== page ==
If anything that article is an interesting reminder on how different people can find different things in the same genre, and media within that genre. The writer's emphasis on the social struggle of the downtrodden, for example, doesn't align with my own focus on the dehumanizing and culture-warping influence of unchecked power and the application of mechanical/systematized thinking to wider civilization. While exploring how the punks, the outcasts and the disenfranchised come to terms with a future that treats them entirely as commodities and consumers and subvert it is great and makes for the best stories (and I assume videogames), I'm personally more excited by the redefinition of humanity, the grotesque distortion of human wants and needs and the near-animus rampant capitalism is given by the complete breakdown of morality.
Which is a lot of pseudo-intellectual guff to say that it's handy to refocus sometimes and realize that there's lots of ways to approach even something like a science fiction genre.
As for how this article applies to Armageddon - seems pretty obvious from above but first off, hey - guess maybe different parts of the setting appeal to different people. Let's hit the feel-good 'broad church' box right out of the gates.
Next, I suppose a very direct application of the article could be - a lot of the cyberpunk genre's power comes from following those in the setting who are discarded by the prevalent systems, yet bend or 'hack' their meager lot to find their own power. City elves are a comparison that immediately comes to mind - they're not just tall humans with pointy ears - they're a different species with a perspective on the world that puts them at odds with the totalitarian society they exploit to survive. They hack, exploit and work against the unflinching, unyielding power that surrounds them every day - often being crushed into nothing - sometimes managing to come out on top.
Another classic trope that comes to mind while I'm riffing with the c-elf line of thinking - the 'tools of the corporations'. In Arm's case these are often the gemmers - detestable, disposable, often drawn into the clutches of a Templar's attention by misfortune or a desire to rise from the muck. They do their master's dirty work and will never receive praise or recognition for it.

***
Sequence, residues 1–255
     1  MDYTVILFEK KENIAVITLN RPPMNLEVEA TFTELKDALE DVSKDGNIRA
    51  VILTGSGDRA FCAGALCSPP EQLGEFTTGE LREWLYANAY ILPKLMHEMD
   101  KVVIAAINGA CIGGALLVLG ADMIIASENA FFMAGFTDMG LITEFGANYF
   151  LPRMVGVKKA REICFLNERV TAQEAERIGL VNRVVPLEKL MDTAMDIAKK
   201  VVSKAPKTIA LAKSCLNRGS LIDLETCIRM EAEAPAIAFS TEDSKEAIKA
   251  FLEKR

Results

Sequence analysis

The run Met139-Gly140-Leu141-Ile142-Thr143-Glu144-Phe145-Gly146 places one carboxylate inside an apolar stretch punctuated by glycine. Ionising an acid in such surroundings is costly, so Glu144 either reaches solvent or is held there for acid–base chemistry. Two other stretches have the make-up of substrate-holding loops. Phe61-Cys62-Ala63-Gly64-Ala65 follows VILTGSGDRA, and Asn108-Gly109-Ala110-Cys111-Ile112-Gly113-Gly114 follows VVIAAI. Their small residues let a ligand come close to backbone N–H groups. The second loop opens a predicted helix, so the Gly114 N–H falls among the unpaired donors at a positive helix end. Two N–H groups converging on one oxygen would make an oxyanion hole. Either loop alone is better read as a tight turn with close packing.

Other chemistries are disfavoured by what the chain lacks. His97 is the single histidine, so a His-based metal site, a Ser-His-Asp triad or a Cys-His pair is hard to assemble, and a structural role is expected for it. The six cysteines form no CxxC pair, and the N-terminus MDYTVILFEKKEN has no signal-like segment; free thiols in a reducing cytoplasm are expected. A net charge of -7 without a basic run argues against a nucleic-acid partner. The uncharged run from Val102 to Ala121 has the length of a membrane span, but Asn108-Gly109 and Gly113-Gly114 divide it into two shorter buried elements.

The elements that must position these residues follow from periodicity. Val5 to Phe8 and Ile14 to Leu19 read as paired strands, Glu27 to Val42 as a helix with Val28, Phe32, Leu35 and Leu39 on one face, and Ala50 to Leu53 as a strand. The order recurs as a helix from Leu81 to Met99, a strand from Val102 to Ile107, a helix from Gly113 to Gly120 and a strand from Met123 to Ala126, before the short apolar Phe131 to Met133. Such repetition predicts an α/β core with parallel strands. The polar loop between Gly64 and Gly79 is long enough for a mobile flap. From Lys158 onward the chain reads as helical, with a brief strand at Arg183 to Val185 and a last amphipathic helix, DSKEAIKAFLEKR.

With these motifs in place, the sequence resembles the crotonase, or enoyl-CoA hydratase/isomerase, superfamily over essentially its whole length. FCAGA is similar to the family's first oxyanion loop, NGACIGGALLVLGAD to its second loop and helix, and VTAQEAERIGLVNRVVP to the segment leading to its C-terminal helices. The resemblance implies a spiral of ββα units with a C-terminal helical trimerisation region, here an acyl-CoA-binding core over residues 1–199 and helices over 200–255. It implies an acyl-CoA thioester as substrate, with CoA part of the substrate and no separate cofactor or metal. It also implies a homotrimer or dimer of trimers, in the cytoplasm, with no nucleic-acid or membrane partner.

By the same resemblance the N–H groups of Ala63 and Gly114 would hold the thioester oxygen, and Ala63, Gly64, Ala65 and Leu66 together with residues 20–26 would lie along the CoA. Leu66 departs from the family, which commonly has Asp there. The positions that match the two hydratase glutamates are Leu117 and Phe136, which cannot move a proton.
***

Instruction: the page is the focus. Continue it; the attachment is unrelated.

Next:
Moving on, I think the article is also applicable to Armageddon in the sense that it speaks to a particular mindset that runs through the 'low-class' protagonists of what the author deems 'good' cyberpunk. The 'punk' in cyberpunk is counter-authority, anti-hero, a philosophy set against the monolithic corporations and the controlled society that they rule over. They're not -good- at all, Case in Neuromancer is an asshole, for example. They are just difficult, flawed characters who refuse to be cast as heroes or villains - who fail, fuck up and struggle with their flaws (real or impressed upon them by the societies they exist in) and don't necessarily get what they want in the end.
What does this look like in Armageddon? I'm going to cheat and say I think it will be different for everyone. Personally for me it means PCs with personalities that let me, as a player, act in ways that nurture the plots around me. If I'm a militia soldier, I'll have my PC take the bribe, or avoid certain patrol routes. If I'm a merchant I'll decide it's not worth my safety to report dodgy dealings my peers are doing.